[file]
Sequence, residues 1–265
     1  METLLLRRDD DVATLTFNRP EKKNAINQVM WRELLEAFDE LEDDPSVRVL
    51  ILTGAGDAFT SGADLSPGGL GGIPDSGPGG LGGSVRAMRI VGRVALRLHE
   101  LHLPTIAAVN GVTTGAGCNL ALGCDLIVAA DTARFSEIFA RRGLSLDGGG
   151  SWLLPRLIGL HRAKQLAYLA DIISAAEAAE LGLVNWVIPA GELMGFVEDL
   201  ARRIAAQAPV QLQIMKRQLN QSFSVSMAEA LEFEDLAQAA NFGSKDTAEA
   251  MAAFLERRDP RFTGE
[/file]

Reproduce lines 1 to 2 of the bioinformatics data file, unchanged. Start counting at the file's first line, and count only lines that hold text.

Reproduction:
Sequence, residues 1–265
     1  METLLLRRDD DVATLTFNRP EKKNAINQVM WRELLEAFDE LEDDPSVRVL